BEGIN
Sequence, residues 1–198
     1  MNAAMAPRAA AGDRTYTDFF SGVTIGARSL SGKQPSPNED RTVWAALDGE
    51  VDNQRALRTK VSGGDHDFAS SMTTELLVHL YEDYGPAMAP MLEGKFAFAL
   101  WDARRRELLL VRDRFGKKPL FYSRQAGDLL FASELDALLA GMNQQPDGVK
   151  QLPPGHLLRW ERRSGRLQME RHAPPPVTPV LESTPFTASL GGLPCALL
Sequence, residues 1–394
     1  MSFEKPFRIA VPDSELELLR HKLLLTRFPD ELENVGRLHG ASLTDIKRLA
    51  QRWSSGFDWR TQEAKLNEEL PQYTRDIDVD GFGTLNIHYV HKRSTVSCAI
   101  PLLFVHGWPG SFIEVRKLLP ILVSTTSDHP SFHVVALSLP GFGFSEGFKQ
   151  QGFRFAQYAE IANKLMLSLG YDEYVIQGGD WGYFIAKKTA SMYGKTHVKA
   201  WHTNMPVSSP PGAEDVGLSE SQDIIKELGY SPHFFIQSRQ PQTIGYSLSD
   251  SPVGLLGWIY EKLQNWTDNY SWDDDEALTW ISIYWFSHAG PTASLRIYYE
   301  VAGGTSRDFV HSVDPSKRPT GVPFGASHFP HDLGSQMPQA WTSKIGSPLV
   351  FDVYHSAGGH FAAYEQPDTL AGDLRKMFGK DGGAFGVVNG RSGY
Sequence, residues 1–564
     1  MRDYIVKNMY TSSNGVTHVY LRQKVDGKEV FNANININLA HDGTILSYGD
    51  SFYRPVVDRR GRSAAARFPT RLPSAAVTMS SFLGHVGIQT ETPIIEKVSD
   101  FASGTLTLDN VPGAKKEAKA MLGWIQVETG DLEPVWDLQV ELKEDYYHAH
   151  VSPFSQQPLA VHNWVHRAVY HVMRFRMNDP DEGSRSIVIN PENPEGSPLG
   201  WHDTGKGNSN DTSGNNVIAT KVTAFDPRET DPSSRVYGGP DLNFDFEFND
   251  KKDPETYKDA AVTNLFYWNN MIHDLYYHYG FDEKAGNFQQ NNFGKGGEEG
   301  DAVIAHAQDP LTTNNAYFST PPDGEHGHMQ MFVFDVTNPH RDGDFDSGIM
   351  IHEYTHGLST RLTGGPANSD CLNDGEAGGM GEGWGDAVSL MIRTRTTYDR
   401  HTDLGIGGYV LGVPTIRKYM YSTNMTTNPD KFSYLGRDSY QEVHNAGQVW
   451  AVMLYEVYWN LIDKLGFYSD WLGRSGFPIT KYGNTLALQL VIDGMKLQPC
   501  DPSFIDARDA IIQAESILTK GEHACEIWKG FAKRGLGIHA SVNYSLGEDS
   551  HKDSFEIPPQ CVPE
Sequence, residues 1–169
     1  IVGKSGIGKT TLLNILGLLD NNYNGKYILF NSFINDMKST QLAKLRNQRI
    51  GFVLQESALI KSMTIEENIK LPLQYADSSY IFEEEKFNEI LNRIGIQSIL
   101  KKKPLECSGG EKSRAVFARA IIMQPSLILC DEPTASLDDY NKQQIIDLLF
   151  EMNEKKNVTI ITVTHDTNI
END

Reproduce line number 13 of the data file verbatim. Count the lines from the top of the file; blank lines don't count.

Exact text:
   301  VAGGTSRDFV HSVDPSKRPT GVPFGASHFP HDLGSQMPQA WTSKIGSPLV